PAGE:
So that we through Christ we might become righteousness. Not just passively receive but by the grace of God actively receive and achieve. There is no “graduation” from faithful commitment.
• Daily commitment. Practice means of grace. Communion. Acts of piety. Acts of mercy.
• Hymn 338 Where He Leads Me

2 Corinthians 5:16-21 (NRSV)  
16 From now on, therefore, we regard no one from a human point of view; even though we once knew Christ from a human point of view, we know him no longer in that way. 17 So if anyone is in Christ, there is a new creation: everything old has passed away; see, everything has become new! 18 All this is from God, who reconciled us to himself through Christ, and has given us the ministry of reconciliation; 19 that is, in Christ God was reconciling the world to himself, not counting their trespasses against them, and entrusting the message of reconciliation to us. 20 So we are ambassadors for Christ, since God is making his appeal through us; we entreat you on behalf of Christ, be reconciled to God. 21 For our sake he made him to be sin who knew no sin, so that in him we might become the righteousness of God. ò

Matthew 7:13-14 (NRSV)                          
13 “Enter through the narrow gate; for the gate is wide and the road is easy that leads to destruction, and there are many who take it. 14 For the gate is narrow and the road is hard that leads to life, and there are few who find it. ò

Sunday, March 24, 2019

Lent 3: Claim the Covenant


• Third Sunday of Lent.
with Hebrews 9
www.FirstChurchBville.com    @FirstUMCBville   @kerrfunk
A video of the worship service was posted on Facebook 3/24/19 https://www.facebook.com/FUMCWV/videos/361100887828330/
Sermon number three of five in a series based on the book One Faithful Promise by Magrey deVega.

• I used to work in a carwash. Getting a car clean takes a few steps:
1, show up; 2, select cleaning service; 3, drive into the tunnel.
That’s where we are in this covenant process.
Admit the filth, make the commitment, then put yourself in the position to receive the service. Don’t get clean by making the decision to go to the carwash. Don’t get clean by actually going to the carwash or by selecting the service, but by going through the carwash.
• One Faithful Promise. Wesley earnestly wants us to take covenant seriously. Sin is not a scraped knee in need of a bandaid, it’s something much more serious, in need of professional care.
Step One, Confide in God.
Step Two, Compose Your Spirit.
   Composing your spirit means staying focused
   and serious about committing yourself to God.
Step Three: Claim the Covenant.
• p. 33: Grab hold of God’s covenant and rely upon God’s promise of giving grace and strength, whereby you may be enabled to perform your promise. Trust not your own strength nor the strength of your own resolution, but take hold of God’s strength.
Check out the membership questions on page 34 of our hymnal:
Do you accept the freedom and power God gives you…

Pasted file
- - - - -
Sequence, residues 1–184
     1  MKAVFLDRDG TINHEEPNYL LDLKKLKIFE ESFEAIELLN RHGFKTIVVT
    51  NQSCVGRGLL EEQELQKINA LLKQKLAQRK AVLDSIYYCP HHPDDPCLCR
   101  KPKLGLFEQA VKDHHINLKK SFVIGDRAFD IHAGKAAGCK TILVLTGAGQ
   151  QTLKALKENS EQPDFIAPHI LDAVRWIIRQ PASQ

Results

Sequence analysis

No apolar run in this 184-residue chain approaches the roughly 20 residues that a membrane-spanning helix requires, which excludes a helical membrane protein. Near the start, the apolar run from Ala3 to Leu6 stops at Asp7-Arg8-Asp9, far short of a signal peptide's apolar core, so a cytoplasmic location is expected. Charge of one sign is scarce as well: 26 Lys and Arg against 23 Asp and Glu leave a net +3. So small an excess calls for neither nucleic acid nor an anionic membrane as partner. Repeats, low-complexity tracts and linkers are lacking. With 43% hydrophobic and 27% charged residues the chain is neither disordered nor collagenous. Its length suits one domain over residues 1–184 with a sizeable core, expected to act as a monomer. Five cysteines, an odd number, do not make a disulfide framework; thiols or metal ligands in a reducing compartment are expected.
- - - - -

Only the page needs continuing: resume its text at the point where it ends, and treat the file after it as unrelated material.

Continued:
• I’ve told you about the monkey trap before… Attach a chain to a coconut, drill a hole just big enough for the monkey’s hand to fit in, and put a treat in the coconut. The monkey grabs the treat but cannot get his hand out as long as he’s holding the treat.
The treat that catches us is us hanging on to the notion that we can fix ourselves, that we don’t need God.
It’s an AA conundrum as well, which is why AA starts out with the premise that if we could quit drinking, we would. By myself I can try a dozen different ways of quitting, but I will always return. But when I let go of the notion that I can do it myself, I can be freed from the trap. When I can trust that there is a power outside of me, I can achieve sobriety.
And we find that God does in us what we could not do for ourselves.
• We are not able to make ourselves right.
We need to let go of the notion that we can so that God can.
• Wesley called this Prevenient Grace. Our ability to let go and let God comes from God.
• Wesley also believed we need regular opportunities to pledge our obedience to God and to remind ourselves of the need to entrust ourselves to God.
Which is why the small groups, holy clubs, societies formed, for regular accountability.
Which is why we gather in worship and specifically in holy communion.
Which is why we have prayer of confession and assurance of pardon, and why we remember baptism and renew covenant.
• This is why Christ came. This is why we gather.
• Hymn 468 Dear Jesus, in Whose Life I See

Hebrews 9:11-15 (NIV)
11 But when Christ came as high priest of the good things that are now already here, he went through the greater and more perfect tabernacle that is not made with human hands, that is to say, is not a part of this creation. 12 He did not enter by means of the blood of goats and calves; but he entered the Most Holy Place once for all by his own blood, thus obtaining eternal redemption. 13 The blood of goats and bulls and the ashes of a heifer sprinkled on those who are ceremonially unclean sanctify them so that they are outwardly clean. 14 How much more, then, will the blood of Christ, who through the eternal Spirit offered himself unblemished to God, cleanse our consciences from acts that lead to death, so that we may serve the living God!
15 For this reason Christ is the mediator of a new covenant, that those who are called may receive the promised eternal inheritance—now that he has died as a ransom to set them free from the sins committed under the first covenant. ò